Pepsi Preps Employees on New Ad Effort

It was two days before Christmas in Purchase, N.Y., a small hamlet 24 miles north of New York City. Most of the employees of PepsiCo, which moved its headquarters out of the Big Apple back in 1970, were home with their families—cooking holiday meals, wrapping gifts and, in some cases, drinking rum-and-Pepsis. But not everyone was home that day. A hand-picked group of PepsiCo employees had come to work, then fanned out across the company’s snow-covered, 144-acre campus.

There was plenty to be done, and the whole project had to be finished before everyone else returned after the holiday break.

It was. PepsiCo employees could tell something was different the second they reached the property line. Rising on both sides of the campus driveway were 20-foot tall billboards plastered with greetings: “Howdy,” “Hope,” “Tango” and just “Yo.” Pepsi’s new circular logo stood in place of every “o” in the words. As employees parked their cars, they noticed an enormous blue flag that had been unfurled from the headquarters’ roof—a giant refresh symbol.

Something was up.

That something was called the “Word Play” campaign. In just a week’s time, the world at large would be introduced to the company’s new logo and optimistic attitude. But the marketing would not achieve its full effect unless employees were on-board first. The in-your-face signage was meant to give employees the same feeling that consumers would get in Times Square during New Year’s Eve, which is where PepsiCo would be launching its new initiative publicly.

Subtlety played no part in the proceedings. Hall posters, floor and elevator decals and other placards made it impossible for anyone at headquarters to miss the brand’s new look and message. The push culminated with “Rally Day” on Jan. 15. Pepsi execs gathered up to 4,000 employees, in person and online, and laid out the brand’s strategy for the coming year.

For a company as old and large as PepsiCo, internal-relations efforts are nothing new. But in terms of size, scope and ambition, this effort was a first, according to Bill Wyman, senior marketing manager for trademark Pepsi.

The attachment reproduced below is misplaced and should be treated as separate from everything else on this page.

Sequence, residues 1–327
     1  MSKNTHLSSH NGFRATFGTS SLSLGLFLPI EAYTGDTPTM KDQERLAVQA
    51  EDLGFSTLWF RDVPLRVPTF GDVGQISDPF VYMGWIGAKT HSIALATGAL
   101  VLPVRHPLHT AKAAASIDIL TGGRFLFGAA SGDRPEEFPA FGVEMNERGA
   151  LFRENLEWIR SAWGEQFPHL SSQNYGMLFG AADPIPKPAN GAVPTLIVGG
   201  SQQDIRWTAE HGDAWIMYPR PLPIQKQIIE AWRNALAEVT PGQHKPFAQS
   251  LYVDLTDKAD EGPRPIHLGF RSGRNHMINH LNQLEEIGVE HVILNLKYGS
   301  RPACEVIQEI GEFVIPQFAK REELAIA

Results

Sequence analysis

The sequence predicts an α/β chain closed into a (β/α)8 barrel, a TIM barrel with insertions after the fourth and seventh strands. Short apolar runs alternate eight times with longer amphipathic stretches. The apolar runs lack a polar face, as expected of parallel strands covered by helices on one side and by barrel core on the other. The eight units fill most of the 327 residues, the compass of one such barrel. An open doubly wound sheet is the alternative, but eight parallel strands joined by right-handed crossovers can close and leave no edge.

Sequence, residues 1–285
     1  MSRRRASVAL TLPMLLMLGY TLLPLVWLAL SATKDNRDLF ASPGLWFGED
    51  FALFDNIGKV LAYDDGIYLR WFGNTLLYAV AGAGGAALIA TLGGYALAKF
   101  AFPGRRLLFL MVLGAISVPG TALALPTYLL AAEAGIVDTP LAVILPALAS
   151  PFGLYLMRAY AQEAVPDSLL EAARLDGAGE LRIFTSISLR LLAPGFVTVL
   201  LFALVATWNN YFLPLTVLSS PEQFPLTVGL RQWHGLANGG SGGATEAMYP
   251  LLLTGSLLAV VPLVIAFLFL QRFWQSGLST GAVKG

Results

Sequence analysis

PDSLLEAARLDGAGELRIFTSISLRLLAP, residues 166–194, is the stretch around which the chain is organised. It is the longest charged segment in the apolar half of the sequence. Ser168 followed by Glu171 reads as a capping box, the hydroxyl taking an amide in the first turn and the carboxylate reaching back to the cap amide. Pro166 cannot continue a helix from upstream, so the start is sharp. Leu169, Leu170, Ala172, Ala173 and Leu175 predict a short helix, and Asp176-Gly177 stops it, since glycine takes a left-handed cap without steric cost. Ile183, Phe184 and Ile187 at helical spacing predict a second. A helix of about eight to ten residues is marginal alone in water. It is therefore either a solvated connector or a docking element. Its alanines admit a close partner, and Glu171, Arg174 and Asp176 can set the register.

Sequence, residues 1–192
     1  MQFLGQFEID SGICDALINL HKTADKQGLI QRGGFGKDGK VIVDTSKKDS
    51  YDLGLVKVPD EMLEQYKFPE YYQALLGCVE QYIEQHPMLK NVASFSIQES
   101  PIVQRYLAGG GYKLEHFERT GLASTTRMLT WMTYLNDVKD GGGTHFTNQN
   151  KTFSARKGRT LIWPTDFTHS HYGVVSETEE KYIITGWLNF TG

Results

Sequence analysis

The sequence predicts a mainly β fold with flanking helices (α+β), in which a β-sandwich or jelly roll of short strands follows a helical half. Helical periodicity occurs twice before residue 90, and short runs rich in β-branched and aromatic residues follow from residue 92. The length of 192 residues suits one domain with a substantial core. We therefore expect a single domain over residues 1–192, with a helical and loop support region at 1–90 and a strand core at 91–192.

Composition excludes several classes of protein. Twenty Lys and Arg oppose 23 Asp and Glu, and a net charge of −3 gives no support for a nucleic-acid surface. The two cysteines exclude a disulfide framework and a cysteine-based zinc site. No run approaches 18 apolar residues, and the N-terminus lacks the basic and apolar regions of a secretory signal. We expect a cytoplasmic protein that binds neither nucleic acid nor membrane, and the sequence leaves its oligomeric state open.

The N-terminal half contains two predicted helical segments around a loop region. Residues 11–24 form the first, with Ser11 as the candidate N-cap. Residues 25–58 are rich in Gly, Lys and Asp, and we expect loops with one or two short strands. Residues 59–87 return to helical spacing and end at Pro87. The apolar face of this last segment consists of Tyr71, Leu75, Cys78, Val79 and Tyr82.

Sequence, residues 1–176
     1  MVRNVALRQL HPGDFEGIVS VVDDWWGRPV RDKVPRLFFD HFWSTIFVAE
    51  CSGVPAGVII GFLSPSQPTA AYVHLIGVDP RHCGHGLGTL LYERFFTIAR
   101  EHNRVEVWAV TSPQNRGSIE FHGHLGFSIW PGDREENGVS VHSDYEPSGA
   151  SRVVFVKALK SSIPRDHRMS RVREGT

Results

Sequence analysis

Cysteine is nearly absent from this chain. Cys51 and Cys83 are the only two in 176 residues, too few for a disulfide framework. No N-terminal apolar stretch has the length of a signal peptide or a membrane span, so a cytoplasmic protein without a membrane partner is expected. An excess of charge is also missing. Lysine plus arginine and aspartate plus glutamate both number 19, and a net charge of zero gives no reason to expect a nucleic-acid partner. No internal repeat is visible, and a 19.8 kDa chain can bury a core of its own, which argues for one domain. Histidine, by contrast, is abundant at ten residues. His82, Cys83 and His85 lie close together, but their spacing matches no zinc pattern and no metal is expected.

“If we were going to be successful in the marketplace, we were going to have to live and breathe the Pepsi brand with all of our employees,” Wyman says. “We set out to find every opportunity to communicate what we are doing, and why and how we are doing it.”

Wyman even has a term for targeting employees with a branding campaign before it goes public; he calls it “Invertising.”

Given that companies spend millions (in Pepsi’s case, hundreds of millions) to communicate a brand message to the world, it only makes sense to get the brand’s own employees schooled in that messaging first. It’s hard to argue against the logic of such an approach. Yet, across the brand spectrum, “it happens less than it should,” says Mike Kust, CMO of the Carlson Marketing Group, which handles employee morale programs and other related marketing initiatives. When it comes down to companies willing to execute internal-communications strategies that precede the launch of a public ad campaign, “It’s not the majority of companies” that do it, Kust says. “It’s the minority—not north of 50 percent.”

It’s a pretty illustrious minority, however. Kellogg, T-Mobile and Union Pacific have all created internal-buzz-building campaigns in the past. “Companies that are high performing and do well in terms of long-term profitability are more inclined to have programs that make sure employees are aware of the brand promise,” says Karen Renk, executive director of the Incentive Marketing Assn.

Meanwhile, those brands that skip over internal messaging could be missing out, according to Scott Testa, marketing professor at Philadelphia’s Saint Joseph’s University. “Companies like a Pepsi or a Coke or a Nike are basically just marketing companies,” he says. “It makes a whole lot of sense to get everyone on board and riled up, because these campaigns can make or break them.”